[24]  Jatoi, A., Windschitl, H.E., Loprinzi, C.L., Sloan, J.A., Dakhil, S.R., Mailliard, J.A., Pundaleeka, S., Kardinal, C.G., Fitch, T.R., Krook, J.E., Novotny, P.J., Christensen, B. (2002). Dronabinol versus megestrol acetate versus combination therapy for cancer-associated anorexia: a North Central Cancer Treatment Group study. Journal of Clinical Oncology, 20(2):567-573. Available from: .

[25]  Johansson, R., Kilkku, P., Groenroos, M. (1982). A double-blind, controlled trial of nabilone vs. prochlorperazine for refractory emesis induced by cancer chemotherapy. Cancer Treat Rev., 9 Suppl B: 25-33. Available from: .

[26]  Johnson, J.R., Burnell-Nugent, M., Lossignol, D., Ganae-Motan, E.D., Potts, R., Fallon, M.T. (2010). Multicenter, Double-Blind, Randomized, Placebo-Controlled, Parallel-Group Study of the Efficacy, Safety, and Tolerability of THC: CBD Extract and THC Extract in Patients With Intractable Cancer-Related Pain. J Pain Symptom Manage, 39(2):167-79. Available from: .

[27]  Johnson, J.R., Lossignol, D., Burnell-Nugent, M., Fallon, M.T. (2013). An open-label extension study to investigate the long-term safety and tolerability of THC/CBD oromucosal spray and oromucosal THC spray in patients with terminal cancer-related pain refractory to strong opioid analgesics. J Pain Symptom Manage, 46(2):207-18. doi: http://10.1016/j. [PubMed PMID: 23141881].

[28]  Jones, S.E., Durant, J.R., Greco, F.A., Robertone, A. (1982). A multi-institutional Phase III study of nabilone vs. placebo in chemotherapy-induced nausea and vomiting. Cancer Treat Rev., 9 Suppl B: 45-8. Available from: .

[29]  Lane, M., Vogel, C.L., Ferguson, J., Krasnow, S., Saiers, J.L., Hamm, J. (1991). Dronabinol and prochlorperazine in combination for treatment of cancer chemotherapy-induced nausea and vomiting. Journal of Pain and Symptom Management,6:352-359. Available from: .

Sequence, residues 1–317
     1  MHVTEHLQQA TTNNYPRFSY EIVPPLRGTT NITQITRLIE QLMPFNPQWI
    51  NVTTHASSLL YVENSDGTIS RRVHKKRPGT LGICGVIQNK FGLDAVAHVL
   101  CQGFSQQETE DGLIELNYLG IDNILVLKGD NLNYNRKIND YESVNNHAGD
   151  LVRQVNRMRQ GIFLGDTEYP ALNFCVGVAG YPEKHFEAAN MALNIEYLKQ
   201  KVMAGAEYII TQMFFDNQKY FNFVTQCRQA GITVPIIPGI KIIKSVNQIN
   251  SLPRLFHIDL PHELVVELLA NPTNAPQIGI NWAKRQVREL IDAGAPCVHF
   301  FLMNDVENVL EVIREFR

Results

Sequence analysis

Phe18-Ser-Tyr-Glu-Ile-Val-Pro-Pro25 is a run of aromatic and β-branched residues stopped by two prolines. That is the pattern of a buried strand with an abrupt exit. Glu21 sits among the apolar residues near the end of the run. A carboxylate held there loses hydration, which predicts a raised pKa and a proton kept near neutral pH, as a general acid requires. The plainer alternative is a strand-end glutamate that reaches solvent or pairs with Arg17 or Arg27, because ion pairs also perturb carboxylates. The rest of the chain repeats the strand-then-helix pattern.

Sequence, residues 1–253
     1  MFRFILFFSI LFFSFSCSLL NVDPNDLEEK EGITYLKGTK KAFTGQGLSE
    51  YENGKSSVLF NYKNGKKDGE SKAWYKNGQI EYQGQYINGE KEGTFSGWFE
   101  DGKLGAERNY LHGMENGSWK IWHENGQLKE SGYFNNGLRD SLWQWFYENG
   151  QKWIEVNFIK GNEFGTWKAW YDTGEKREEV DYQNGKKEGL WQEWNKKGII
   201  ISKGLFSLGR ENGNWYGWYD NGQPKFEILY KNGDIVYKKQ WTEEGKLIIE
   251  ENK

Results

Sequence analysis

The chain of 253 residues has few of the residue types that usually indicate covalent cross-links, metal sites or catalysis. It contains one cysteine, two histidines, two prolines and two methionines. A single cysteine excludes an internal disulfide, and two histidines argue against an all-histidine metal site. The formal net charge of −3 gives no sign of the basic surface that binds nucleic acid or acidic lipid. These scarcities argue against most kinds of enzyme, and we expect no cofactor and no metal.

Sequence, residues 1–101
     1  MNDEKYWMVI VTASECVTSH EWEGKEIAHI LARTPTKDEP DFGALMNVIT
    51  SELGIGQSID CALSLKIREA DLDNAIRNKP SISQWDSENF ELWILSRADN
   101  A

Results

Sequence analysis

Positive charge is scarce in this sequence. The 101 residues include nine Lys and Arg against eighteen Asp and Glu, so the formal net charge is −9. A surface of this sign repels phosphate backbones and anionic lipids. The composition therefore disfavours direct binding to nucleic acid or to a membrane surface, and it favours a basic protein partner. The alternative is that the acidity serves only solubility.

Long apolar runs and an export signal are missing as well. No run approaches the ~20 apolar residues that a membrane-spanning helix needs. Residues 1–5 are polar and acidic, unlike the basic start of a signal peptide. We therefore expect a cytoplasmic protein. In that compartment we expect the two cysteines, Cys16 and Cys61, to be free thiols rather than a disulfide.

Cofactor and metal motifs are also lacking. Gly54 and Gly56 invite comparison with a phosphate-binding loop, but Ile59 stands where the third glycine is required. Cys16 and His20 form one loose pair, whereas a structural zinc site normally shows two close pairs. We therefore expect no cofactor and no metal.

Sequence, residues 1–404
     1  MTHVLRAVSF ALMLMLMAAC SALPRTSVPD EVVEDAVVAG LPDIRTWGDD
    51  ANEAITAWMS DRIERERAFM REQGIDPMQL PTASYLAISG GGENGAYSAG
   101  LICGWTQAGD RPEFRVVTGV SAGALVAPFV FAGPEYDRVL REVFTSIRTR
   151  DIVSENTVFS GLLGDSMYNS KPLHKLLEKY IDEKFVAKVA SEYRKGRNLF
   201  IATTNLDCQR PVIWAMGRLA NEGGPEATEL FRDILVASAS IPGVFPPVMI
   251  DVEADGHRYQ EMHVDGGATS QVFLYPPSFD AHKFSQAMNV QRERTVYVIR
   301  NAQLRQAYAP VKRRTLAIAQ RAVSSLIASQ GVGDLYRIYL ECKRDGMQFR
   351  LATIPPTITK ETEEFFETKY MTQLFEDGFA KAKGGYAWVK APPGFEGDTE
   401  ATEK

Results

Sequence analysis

[30]  Levitt, M., Faiman, C., Hawks, R., Wilson, A. (1984). Randomized double blind comparison of delta-9-tetrahydroicannabinol (THC) and marijuana as chemotherapy antiemetics. Proceedings of the American Society for Clinical Oncology,3:91. Available from: .

[31]  Lynch, M.E., Cesar-Rittenberg, P., Hohmann, A.G. (2014). A double-blind, placebo-controlled, crossover pilot trial with extension using an oral mucosal cannabinoid extract for treatment of chemotherapy-induced neuropathic pain. J Pain Symptom Manage, 47(1):166-73. doi: http://10.1016/j. [PubMed PMID: 23742737].

[32]  Madras, B.K. (2015). Update of Cannabis and its medical use. 37th ECDD (2015) Agenda item 6.2, available from: .

[33]  Maida, V., Ennis, M., Irani, S., Corbo, M., Dolzhykov, M. (2008). Adjunctive nabilone in cancer pain and symptom management: a prospective observational study using propensity scoring. J Support Oncol., 6(3):119-24. Available from: .

[34]  Maida, V. (2008). Nabilone for the treatment of paraneoplastic night sweats: a report of four cases. J Palliat Med., 11(6):929-34. Available from: .

[35]  Maida, V. (2006). The synthetic cannabinoid nabilone improves pain and symptom management in cancer patients. Abstract presented at the San Antonio Breast Cancer Symposium on 15 December 2006, Available from: .

[36]  McCabe, M., Smith, F.P., Goldberg, D., Macdonald, J., Woolley, P.V., Warren, R. (1988). Efficacy of tetrahydrocannabinol in patients refractory to standard anti-emetic therapy. Investigational New Drugs, 6:243-246. Available from: .

[37]  Meiri, E., Jhangiani, H., Vredenburgh, J.J., Barbato, L.M., Carter, F.J., Yang, H.M., Baranowski, V. (2007). Efficacy of dronabinol alone and in combination with ondansetron versus ondansetron alone for delayed chemotherapy-induced nausea and vomiting. Curr Med Res Opin, 23(3):533-43. Available from: .

[38]  Musty, R.E., Rossi, R. (2001). Effects of smoked cannabis and oral delta-9-tetrahydrocannabinol on nausea and emesis after cancer chemotherapy: A review of state clinical trials. J Cannabis Ther, 1(1):29-42. Available from: .

[39]  Neidhart, J.A., Gagen, M.M., Wilson, H.E., Young, D.C. (1981). Comparative trial of the antiemetic effects of THC and haloperidol. International Journal of Clinical Pharmacology Research, 21: 38-42S. Available from: .

[40]  Nelson, K., Walsh, D., Deeter, P., Sheehan, F. (1994). A phase II study of delta-9-tetrahydrocannabinol for appetite stimulation in cancer-associated anorexia. Journal of Palliative Care, 10(1):14-18. Available from: .